Paranoia Strikes Deep: The Press and Rand Paul

The absurd lengths journalists have gone to portray the Kentucky senator as if he's hiding something dangerous
rand paul full full reuters.jpg
Reuters

Critiques of democracy are as old as the excesses of the Athenian variety. Here's a classic: The unmediated masses are as capable of doing an injustice as any aristocracy or tyrant. In America, it's acceptable to say, as shorthand, that we're living in a Western liberal democracy. But the fact is that we live in a federal, constitutional republic, because the Framers mistrusted democracy, and the vast majority of Americans retain a great part of that mistrust. We've extended the franchise, amended the Constitution to permit the direct election of senators, and we're likely to eventually abandon the electoral college and elect presidents by the popular vote. But there is broad, deep support for anti-democratic features of our system, like the Bill of Rights.

All of this is totally uncontroversial -- unless it is uttered by Senator Rand Paul, the national politician most likely to evoke irrational paranoia from the political press. Serial anti-libertarian Jonathan Chait is the latest to demonstrate this truth in an unintentionally revealing item at New York.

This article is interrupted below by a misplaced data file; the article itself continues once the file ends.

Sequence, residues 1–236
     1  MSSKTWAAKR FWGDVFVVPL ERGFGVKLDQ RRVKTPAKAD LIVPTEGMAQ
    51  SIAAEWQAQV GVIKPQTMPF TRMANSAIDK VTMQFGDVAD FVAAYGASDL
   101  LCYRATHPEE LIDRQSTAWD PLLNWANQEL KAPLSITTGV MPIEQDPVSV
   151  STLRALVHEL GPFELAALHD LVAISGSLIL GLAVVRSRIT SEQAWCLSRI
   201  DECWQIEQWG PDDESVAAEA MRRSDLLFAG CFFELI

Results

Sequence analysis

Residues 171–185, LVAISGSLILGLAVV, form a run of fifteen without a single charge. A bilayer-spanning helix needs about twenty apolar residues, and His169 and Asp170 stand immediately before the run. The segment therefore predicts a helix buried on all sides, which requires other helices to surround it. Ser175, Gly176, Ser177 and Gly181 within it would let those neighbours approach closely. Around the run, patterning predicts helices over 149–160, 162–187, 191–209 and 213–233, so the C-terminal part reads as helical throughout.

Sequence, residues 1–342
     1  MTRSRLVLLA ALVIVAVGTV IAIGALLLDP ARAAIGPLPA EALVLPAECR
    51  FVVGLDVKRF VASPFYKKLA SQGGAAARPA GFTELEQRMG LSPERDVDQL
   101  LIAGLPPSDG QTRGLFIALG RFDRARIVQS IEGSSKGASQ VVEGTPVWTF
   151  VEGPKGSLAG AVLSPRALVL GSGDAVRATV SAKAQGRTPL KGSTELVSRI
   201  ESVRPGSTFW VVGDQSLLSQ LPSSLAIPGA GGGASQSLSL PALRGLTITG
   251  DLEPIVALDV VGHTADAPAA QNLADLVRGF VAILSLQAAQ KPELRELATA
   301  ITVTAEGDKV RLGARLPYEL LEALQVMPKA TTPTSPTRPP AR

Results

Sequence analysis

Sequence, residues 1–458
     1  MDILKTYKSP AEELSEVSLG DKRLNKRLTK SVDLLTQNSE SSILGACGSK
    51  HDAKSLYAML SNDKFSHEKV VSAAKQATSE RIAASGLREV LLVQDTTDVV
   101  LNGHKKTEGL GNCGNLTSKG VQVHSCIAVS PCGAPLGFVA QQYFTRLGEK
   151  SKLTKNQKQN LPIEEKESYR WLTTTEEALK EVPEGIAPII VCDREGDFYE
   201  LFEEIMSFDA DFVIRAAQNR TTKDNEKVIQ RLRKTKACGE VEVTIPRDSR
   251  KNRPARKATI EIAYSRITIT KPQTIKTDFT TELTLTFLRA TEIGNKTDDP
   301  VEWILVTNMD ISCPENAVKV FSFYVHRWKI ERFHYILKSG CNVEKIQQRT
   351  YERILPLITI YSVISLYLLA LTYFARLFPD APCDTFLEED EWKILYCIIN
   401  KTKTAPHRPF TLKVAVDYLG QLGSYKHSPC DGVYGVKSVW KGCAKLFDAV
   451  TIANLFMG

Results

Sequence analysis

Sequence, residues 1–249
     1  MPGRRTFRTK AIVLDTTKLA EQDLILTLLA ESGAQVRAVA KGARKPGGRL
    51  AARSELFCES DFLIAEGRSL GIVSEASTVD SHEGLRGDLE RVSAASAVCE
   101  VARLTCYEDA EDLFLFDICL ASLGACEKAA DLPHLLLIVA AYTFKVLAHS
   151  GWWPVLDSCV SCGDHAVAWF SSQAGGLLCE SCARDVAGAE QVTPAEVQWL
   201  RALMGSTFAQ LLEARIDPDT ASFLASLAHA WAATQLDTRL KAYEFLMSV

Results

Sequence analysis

Here's how he begins:

The most unusual and interesting line in Julia Ioffe's highly interesting profile of Rand Paul is Paul's confession, "I'm not a firm believer in democracy. It gave us Jim Crow." Of course, that's an awfully strange way to condemn Jim Crow, which arose in the distinctly undemocratic Apartheid South (it was no coincidence that the dismantling of Jim Crow and the granting of democratic rights to African-Americans happened simultaneously).

This is an uncharitable beginning. If a scholar of political thought said of ancient Athens, "I'm not a firm believer in democracy -- it required slavery, war, or both, to subsidize the lower classes while they carried out their civic duties," no one would think that a strange formulation -- it is perfectly coherent to talk about democracy in places that didn't extend the franchise universally, given how the term has been used and understood for two thousand years of political history.

What's more, if we include the context that Chait stripped out in his excerpt, Paul's point is perfectly clear. He was visiting a historically black college:

To approving nods, he talked about how urban renewal had really meant "urban destruction" and about how "they tore down a lot of black businesses so people would go to white stores." He found that this crowd, if not totally convinced, was receptive. Though he would still not give them a definitive answer on his position on the Civil Rights Act, he did say that he believed federal intervention had been justified. "I'm not a firm believer in democracy," he explained. "It gave us Jim Crow."